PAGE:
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Popular Australian home loans

Loan purpose

Loan amount

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Deposit

Loan Term

151015202530

25 years

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Essential Options Alt Doc

Real Time Rating™

1.95

/ 5
Interest Rate

3.84

% p.a

Variable

Comparison Rate*

3.90

% p.a

Company
Repayment

$960

monthly

Features
Redraw facility
Offset Account
Borrow up to 80%
Extra Repayments
Interest Only
Owner Occupied
Real Time Rating™

1.95

/ 5
Go to site
Product

Essential Options Alt Doc

Real Time Rating™

1.95

/ 5
Interest Rate

3.84

% p.a

Variable

Comparison Rate*

3.90

% p.a

Company
Repayment

$960

monthly

Features
Redraw facility
Offset Account
Borrow up to 80%
Extra Repayments
Interest Only
Owner Occupied
Real Time Rating™

1.95

/ 5
Go to site
Product

Essential Options Alt Doc

Real Time Rating™

1.95

/ 5
Interest Rate

3.84

% p.a

Variable

Comparison Rate*

3.90

% p.a

Company
Repayment

$960

monthly

Features
Redraw facility
Offset Account
Borrow up to 60%
Extra Repayments
Interest Only
Owner Occupied
Real Time Rating™

1.95

/ 5
Go to site
Product

Essential Options Alt Doc

Real Time Rating™

1.95

/ 5
Interest Rate

3.84

% p.a

Variable

Comparison Rate*

3.90

% p.a

Company
Repayment

$960

monthly

Features
Redraw facility
Offset Account
Borrow up to 60%
Extra Repayments
Interest Only
Owner Occupied
Real Time Rating™

1.95

/ 5
Go to site
Product

Resimac Prime

Real Time Rating™

1.78

/ 5
Interest Rate

4.14

% p.a

Variable

Comparison Rate*

4.08

% p.a

Company
Repayment

$1,035

monthly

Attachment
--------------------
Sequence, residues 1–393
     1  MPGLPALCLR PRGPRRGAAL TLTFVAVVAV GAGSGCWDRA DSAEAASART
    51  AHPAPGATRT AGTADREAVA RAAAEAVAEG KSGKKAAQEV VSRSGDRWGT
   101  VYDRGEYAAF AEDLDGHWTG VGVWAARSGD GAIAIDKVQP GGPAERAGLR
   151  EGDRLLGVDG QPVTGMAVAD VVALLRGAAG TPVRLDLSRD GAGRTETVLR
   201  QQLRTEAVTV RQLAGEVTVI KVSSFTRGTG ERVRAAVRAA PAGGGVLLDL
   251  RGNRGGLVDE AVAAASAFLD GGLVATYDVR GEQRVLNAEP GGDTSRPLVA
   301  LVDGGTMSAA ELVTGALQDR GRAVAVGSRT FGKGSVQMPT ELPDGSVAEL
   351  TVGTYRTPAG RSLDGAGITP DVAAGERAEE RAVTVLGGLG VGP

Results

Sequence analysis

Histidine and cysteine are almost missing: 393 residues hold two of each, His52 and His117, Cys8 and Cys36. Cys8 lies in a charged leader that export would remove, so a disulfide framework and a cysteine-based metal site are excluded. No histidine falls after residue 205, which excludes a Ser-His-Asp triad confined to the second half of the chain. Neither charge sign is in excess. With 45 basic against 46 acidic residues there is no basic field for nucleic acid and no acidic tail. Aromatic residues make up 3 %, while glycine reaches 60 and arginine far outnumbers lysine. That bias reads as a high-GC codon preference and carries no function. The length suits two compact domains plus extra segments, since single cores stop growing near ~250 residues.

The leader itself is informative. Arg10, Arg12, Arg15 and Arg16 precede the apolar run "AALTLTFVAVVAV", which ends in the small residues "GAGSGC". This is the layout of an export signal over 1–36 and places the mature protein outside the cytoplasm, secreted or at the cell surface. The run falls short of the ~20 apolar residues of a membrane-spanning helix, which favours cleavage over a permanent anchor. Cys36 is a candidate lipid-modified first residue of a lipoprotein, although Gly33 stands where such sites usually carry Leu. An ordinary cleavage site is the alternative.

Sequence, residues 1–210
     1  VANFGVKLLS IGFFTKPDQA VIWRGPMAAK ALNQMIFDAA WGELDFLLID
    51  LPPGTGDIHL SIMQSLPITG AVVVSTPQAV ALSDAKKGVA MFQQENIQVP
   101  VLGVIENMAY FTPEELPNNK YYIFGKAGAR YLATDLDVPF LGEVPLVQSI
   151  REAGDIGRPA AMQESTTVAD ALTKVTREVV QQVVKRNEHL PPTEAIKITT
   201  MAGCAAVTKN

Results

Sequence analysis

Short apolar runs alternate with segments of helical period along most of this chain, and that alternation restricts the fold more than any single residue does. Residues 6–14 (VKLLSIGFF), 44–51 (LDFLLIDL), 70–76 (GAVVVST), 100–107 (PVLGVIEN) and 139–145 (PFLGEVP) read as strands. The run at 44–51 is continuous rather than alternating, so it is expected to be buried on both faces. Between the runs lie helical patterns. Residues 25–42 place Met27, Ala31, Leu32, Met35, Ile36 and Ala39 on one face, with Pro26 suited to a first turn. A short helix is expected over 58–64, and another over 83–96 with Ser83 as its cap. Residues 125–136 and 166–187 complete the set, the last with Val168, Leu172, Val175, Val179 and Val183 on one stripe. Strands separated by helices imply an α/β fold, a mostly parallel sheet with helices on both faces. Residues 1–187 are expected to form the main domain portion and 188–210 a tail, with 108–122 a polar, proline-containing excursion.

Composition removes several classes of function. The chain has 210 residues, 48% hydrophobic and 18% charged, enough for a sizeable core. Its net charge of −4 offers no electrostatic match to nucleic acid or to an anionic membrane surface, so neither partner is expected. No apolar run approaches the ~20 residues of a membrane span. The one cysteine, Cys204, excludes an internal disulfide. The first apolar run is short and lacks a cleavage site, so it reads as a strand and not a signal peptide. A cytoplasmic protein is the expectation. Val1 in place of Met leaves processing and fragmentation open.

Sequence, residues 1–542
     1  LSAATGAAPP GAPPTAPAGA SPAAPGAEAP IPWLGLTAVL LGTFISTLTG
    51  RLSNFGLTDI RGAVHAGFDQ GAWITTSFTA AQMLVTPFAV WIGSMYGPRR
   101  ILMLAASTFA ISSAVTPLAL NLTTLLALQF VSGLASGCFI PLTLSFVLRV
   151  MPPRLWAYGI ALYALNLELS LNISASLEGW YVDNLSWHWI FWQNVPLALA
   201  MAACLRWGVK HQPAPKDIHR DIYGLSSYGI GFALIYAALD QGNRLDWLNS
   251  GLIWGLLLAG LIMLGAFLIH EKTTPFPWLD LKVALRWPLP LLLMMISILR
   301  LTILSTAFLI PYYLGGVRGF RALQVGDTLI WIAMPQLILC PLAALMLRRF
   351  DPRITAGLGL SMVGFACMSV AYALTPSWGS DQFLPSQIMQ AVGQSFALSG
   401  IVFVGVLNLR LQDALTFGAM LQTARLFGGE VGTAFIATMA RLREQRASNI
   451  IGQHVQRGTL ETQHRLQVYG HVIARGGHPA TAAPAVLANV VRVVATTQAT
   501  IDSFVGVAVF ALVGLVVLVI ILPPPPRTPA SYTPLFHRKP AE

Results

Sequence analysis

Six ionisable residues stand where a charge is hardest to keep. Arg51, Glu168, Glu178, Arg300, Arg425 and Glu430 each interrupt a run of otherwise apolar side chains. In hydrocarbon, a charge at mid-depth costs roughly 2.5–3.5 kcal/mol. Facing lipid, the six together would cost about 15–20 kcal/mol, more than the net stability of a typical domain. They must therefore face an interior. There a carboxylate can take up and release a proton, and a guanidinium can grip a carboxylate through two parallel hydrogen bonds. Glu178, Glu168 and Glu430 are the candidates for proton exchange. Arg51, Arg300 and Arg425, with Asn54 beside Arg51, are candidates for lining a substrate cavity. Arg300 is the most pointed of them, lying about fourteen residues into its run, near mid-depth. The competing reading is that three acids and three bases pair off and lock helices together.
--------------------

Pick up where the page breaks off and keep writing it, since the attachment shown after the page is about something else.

Features
Redraw facility
Offset Account
Borrow up to 80%
Extra Repayments
Interest Only
Owner Occupied
Real Time Rating™

1.78

/ 5
Go to site
Product

Resimac Prime

Real Time Rating™

1.78

/ 5
Interest Rate

4.14

% p.a

Variable

Comparison Rate*

4.08

% p.a

Company
Repayment

$1,035

monthly

Features
Redraw facility
Offset Account
Borrow up to 70%
Extra Repayments
Interest Only
Owner Occupied
Real Time Rating™

1.78

/ 5
Go to site
Product

Capitalizer Alt Doc Variable

Real Time Rating™

1.67

/ 5
Interest Rate

3.69

% p.a

Variable

Comparison Rate*

3.73

% p.a

Company
Repayment

$923

monthly

Features
Redraw facility
Offset Account
Borrow up to 80%
Extra Repayments
Interest Only
Owner Occupied
Real Time Rating™

1.67

/ 5
Go to site
Product

Capitalizer Alt Doc Variable

Real Time Rating™

1.67

/ 5
Interest Rate

3.49

% p.a

Variable

Comparison Rate*

3.53

% p.a

Company
Repayment

$873

monthly

Features
Redraw facility
Offset Account
Borrow up to 75%
Extra Repayments
Interest Only
Owner Occupied
Real Time Rating™

1.67

/ 5
Go to site
Product

Essential Options Alt Doc

Real Time Rating™

1.95

/ 5
Interest Rate

4.00

% p.a

Variable

Comparison Rate*

4.06

% p.a

Company
Repayment

$1,000

monthly

Features
Redraw facility
Offset Account
Borrow up to 60%
Extra Repayments
Interest Only
Owner Occupied
Real Time Rating™

1.95

/ 5
Go to site
Product

Essential Options Alt Doc

Real Time Rating™

1.95

/ 5
Interest Rate

4.00

% p.a

Variable

Comparison Rate*

4.06

% p.a

Company
Repayment

$1,000

monthly

Features
Redraw facility
Offset Account
Borrow up to 60%
Extra Repayments
Interest Only
Owner Occupied
Real Time Rating™

1.95

/ 5
Go to site
Product

Essential Options Alt Doc

Real Time Rating™

1.95

/ 5
Interest Rate

4.10

% p.a

Variable

Comparison Rate*

4.16

% p.a

Company
Repayment

$1,025

monthly

Features
Redraw facility
Offset Account
Borrow up to 80%
Extra Repayments
Interest Only
Owner Occupied
Real Time Rating™

1.95

/ 5
Go to site
Product

Essential Options Alt Doc

Real Time Rating™

1.95

/ 5